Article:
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July 27, 2014 | by  | in Features |
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Last lolly in the $2 mix

You bought a $2 mix
from the corner dairy.
On my lunch break we sat
on the crumbling dirt steps
out back, under the prickly afternoon sun.
You handed me a fruit rascal
and told me your morning.
I wanted to pick one myself but
you kept the bag ziplocked in your lap,
handing me milk bottles
one at a time, smiling,
an artificial blue stain on
your gums.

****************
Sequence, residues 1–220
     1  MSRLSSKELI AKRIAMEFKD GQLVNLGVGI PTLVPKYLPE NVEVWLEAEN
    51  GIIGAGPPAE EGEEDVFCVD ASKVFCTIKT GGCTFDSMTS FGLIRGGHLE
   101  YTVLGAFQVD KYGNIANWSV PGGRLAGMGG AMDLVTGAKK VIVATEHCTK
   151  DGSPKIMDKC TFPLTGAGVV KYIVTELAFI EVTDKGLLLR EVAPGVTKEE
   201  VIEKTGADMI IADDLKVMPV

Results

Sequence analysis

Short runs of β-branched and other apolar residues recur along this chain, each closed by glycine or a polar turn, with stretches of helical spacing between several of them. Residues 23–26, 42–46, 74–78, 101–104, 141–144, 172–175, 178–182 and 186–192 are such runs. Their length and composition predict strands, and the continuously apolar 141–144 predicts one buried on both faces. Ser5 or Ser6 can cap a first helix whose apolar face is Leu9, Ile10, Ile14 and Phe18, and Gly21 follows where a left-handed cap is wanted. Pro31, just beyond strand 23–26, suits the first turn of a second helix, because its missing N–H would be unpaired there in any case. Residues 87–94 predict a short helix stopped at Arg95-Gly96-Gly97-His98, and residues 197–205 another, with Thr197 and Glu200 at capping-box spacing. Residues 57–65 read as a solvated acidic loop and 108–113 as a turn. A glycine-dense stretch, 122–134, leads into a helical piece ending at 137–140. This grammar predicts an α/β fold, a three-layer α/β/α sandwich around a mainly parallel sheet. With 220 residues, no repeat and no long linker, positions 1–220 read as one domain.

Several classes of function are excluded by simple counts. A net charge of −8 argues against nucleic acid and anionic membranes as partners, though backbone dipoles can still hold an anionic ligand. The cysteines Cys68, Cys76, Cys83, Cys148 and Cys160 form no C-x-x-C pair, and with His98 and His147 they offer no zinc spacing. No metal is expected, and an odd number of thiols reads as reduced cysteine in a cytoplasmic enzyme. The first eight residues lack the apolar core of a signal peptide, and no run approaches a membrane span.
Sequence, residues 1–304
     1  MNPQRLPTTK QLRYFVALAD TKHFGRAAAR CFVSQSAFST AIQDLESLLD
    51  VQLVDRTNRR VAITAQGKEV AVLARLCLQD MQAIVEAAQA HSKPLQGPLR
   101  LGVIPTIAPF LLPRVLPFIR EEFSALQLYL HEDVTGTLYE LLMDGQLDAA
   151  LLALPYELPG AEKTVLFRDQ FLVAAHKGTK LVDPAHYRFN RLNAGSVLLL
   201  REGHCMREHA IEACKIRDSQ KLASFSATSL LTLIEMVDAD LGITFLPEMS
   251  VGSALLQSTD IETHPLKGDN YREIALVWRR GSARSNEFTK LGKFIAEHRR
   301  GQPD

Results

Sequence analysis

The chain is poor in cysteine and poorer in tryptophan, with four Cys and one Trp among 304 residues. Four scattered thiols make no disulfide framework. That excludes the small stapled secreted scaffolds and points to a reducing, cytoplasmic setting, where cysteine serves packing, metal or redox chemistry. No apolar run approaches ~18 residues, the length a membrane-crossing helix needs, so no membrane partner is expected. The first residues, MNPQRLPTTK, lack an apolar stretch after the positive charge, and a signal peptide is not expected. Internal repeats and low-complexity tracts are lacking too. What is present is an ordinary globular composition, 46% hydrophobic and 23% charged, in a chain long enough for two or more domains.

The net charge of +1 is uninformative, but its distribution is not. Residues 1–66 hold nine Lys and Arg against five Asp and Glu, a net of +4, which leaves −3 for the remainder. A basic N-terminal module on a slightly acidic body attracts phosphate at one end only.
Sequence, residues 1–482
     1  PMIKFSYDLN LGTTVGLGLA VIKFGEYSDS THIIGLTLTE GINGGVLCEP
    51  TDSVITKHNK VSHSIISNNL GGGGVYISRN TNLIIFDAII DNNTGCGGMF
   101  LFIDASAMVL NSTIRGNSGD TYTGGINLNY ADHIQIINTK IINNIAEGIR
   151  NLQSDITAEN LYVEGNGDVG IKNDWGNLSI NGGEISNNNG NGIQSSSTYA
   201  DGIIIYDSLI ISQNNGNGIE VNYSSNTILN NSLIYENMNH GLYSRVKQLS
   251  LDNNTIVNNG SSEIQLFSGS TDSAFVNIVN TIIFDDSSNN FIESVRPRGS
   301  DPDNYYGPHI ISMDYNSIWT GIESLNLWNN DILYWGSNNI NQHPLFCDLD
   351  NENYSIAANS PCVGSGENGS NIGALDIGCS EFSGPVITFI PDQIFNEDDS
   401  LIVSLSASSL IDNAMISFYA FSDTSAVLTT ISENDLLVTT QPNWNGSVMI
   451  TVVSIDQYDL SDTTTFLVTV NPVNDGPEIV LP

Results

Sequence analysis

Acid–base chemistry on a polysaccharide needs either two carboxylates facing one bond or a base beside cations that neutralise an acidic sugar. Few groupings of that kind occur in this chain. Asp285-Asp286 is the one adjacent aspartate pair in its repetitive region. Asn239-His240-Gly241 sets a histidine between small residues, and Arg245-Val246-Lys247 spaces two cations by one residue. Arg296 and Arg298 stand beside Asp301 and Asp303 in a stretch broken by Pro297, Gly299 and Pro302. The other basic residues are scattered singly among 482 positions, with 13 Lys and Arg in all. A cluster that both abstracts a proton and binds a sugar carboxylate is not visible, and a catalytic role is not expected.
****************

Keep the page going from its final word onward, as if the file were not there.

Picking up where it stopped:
I bit hard through the Jaffa shell,
sugar granules cracked on my teeth,
I admired how nicely packaged you were,
sharp black, a crisp blue tee shirt;
it clashed with the green snifters
cupped in your palm
and my green apron.

We sucked sherbet fizzies
and crunched chocolate buttons,
pooling into messy kisses
over my tongue.
Your arm around my waist, too tight,
like plastic frills on boiled candy.
Snowflake dust collected
in the folds of plastic
we scraped the last of it
out of the bag,
I let the end drabs dissolve over my lips,
form a candied shell
against yours.

You took a final kiss,
sucked it
from my sticky lips
with your tough straps of liquorice,
and left me to work,
an ulcer throbbing
in the fold of my tongue.

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